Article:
Friday October 04 2013 10:02 AM
New international report says we’re poor on number of neurologists but good on equality
The Multiple Sclerosis International Federation (MSIF) launched their 2013 Atlas of MS which provides an overview of Multiple Sclerosis across the world.
Ireland again fared poorly in the provision of medical personal and equipment but had positive results around entitlements and discrimination.
Key data from the atlas:
Of the 106 countries providing data on prevalence, only 12 other countries have a prevalence rate higher than Ireland.
Of the 102 countries providing information on the number of neurologists, Ireland is placed at number 64, beside Thailand, Columbia and Bolivia. Iran and Tunisia have twice as many neurologists as Ireland.
Of the 32 European countries providing information on the number of neurologists, Ireland is last place. Lithuania is number one, Spain is at 11 and the UK is at 31.
Of the 30 European countries providing information on the number of MRI scanners, Ireland sits at number 17.
Ireland is one of 72 out of 102 countries to have a website, one of 79 to have a helpline and one of 82 to have a patient organisation
Ireland is one of 53 countries out of 104 that provides disability payments, and one of only 26 that provides compensation to carers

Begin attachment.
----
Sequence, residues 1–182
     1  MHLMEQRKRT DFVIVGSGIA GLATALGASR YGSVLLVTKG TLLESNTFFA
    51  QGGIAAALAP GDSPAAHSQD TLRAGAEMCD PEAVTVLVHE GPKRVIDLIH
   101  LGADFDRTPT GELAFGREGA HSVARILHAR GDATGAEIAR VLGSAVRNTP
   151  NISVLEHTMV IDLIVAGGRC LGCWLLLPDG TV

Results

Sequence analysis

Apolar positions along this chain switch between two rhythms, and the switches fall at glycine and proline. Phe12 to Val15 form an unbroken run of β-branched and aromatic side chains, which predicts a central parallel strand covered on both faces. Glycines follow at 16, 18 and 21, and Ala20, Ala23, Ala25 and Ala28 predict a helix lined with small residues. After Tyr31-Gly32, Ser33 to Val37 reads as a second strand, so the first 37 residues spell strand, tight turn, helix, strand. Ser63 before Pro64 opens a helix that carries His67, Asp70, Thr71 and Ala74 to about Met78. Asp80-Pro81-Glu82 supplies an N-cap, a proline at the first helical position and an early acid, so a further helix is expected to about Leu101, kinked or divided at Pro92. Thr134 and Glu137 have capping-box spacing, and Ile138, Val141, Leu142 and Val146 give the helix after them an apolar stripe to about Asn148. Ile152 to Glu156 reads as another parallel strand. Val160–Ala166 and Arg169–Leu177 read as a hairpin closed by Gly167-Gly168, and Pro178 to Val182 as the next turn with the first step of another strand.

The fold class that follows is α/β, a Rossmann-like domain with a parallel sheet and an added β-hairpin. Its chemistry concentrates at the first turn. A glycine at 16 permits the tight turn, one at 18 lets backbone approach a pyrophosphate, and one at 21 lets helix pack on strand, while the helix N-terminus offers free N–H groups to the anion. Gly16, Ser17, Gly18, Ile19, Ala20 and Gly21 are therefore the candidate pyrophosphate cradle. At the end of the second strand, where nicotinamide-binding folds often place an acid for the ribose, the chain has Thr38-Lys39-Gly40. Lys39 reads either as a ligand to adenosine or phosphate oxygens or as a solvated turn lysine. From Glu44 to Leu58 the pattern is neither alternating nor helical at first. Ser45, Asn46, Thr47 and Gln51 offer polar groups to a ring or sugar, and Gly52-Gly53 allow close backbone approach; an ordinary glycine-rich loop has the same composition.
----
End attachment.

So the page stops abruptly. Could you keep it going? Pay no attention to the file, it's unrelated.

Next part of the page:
Ireland is one of 73 out of 102 countries to have anti-discrimination or equality laws for people with disabilities.
Emma Rogan, person with MS and MS Ireland’s Policy and Information Officer says the figures are disappointing but encourages people to seek help and keep positive.
“As a young person living with this life-long condition, I’ve personal experience of what it means for Ireland to be the worst in Europe when it comes to neurological care/neurologist numbers. An investment in neurological care will ease the challenges of chronic conditions such as MS and would positively change people’s lives.
I’m making sure that I am part of the solution through my work raising awareness of the issues, providing information and lobbying for change. I will live the rest of my life with MS and would like to focus on making the most of life. Better neurological services would positively affect quality of life and reduce the need for acute services. I hope these statistics will awaken policy makers and the Government to the reality of life with MS in Ireland.”